Real Estate: Hot Houses for Snowbirds

Ian MacNeill | January 26th, 2015

As the U.S. real estate rebounds, Ian MacNeill says snowbirds can still find a deal

Remember going to all those dinner parties a couple of years ago where all anybody could talk about were the bargains in U.S. real estate?

Four-bedroom homes with pools going for a few hundred thousand, million-plus mansions knocked down like Christmas ornaments in January clearance sales.

Notice how you’re not hearing those conversations anymore? For those with capital to invest, it was fun while it lasted, but the land rush is officially over. Thanks to an economic recovery in the U.S. and the winding-down of the sub-prime mortgage lending fiasco, housing prices in the Sunbelt have been steadily rising, especially for buyers with Canadian dollars, which have declined in value by as much as 10 per cent against the greenback.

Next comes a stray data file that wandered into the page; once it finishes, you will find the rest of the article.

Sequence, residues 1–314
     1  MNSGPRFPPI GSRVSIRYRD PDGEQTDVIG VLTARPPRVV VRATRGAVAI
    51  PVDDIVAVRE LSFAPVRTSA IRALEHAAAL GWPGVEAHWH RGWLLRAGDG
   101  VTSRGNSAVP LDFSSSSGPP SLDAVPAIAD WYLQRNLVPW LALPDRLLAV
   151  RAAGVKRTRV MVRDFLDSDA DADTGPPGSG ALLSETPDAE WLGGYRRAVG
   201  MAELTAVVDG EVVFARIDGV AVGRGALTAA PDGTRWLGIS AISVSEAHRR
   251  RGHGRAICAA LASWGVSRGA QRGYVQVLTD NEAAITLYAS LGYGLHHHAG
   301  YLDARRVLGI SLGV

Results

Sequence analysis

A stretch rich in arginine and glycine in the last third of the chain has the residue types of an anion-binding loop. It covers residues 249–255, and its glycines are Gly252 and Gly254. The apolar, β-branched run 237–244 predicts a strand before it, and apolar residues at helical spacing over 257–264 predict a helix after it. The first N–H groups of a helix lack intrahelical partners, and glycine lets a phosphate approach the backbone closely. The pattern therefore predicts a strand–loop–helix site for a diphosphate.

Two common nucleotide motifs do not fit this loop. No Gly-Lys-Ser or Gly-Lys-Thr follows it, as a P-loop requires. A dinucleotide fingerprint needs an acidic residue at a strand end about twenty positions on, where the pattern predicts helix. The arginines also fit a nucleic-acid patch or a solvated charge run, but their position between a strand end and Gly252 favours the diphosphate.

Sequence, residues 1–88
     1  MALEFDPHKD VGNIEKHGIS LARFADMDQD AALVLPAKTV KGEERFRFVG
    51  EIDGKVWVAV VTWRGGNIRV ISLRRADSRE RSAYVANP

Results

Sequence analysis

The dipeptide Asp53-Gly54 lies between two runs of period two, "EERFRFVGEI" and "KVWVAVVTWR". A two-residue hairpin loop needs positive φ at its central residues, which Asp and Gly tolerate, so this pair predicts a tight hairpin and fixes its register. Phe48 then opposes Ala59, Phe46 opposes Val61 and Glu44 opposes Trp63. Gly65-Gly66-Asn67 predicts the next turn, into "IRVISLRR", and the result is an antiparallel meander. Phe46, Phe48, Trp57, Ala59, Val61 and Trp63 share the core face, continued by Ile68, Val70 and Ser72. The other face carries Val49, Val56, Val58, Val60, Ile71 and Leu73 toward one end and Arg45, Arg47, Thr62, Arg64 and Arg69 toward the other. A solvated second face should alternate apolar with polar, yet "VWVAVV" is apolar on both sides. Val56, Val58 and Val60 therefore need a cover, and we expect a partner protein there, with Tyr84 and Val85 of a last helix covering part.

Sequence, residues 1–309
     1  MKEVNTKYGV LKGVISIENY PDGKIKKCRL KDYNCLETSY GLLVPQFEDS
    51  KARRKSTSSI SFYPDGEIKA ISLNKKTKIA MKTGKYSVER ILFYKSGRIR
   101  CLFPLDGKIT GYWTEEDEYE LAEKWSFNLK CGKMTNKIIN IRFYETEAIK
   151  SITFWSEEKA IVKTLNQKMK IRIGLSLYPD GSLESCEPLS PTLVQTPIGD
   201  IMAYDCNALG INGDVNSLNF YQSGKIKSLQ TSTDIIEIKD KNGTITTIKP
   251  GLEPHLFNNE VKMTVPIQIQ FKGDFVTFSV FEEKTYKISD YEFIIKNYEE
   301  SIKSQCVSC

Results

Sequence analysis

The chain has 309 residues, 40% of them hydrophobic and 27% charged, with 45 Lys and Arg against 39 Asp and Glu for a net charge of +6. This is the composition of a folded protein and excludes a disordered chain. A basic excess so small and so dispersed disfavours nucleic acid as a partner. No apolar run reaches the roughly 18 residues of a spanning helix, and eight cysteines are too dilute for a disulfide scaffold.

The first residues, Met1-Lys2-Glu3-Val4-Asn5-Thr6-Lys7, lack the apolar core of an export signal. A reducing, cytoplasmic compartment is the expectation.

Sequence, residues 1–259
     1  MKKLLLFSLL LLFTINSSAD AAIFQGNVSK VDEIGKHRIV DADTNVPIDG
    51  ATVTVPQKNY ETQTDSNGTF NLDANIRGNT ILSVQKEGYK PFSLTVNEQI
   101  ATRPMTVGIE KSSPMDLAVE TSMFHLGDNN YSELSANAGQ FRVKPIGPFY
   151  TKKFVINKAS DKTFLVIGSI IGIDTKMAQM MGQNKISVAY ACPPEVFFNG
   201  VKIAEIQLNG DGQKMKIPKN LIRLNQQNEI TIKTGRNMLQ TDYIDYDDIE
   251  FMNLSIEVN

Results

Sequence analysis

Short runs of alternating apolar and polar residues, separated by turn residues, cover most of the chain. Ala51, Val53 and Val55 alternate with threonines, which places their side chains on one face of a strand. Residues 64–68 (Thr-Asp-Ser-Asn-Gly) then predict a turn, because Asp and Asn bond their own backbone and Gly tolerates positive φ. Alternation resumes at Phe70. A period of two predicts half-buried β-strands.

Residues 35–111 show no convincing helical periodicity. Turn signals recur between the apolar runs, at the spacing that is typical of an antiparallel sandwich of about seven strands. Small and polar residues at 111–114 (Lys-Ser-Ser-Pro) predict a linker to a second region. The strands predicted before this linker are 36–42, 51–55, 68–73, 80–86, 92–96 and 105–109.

“Buyers have to start adjusting their expectations,” says Dr. John Tuccillo, chief economist for Florida Realtors. “You’re not going to get that four-bedroom, four-bathroom home with a pool for $200,000 that you could have gotten a few years ago.”

The loss of affordable properties in Florida has been exacerbated by the fact that a lot of available homes were scooped up by bulk buyers who cashed in on the excess inventory in order to turn them into rental properties, he adds.

But it’s not all bad news. Despite the fact that prices have been climbing, they haven’t returned to the dizzying heights they once occupied; depending on what you are looking for and where, prices are still 10 to 30 per cent below what they were at the peak.

“The party’s never over,” says Tuccillo. “Nowadays, it’s more about knowing where it’s still going on.”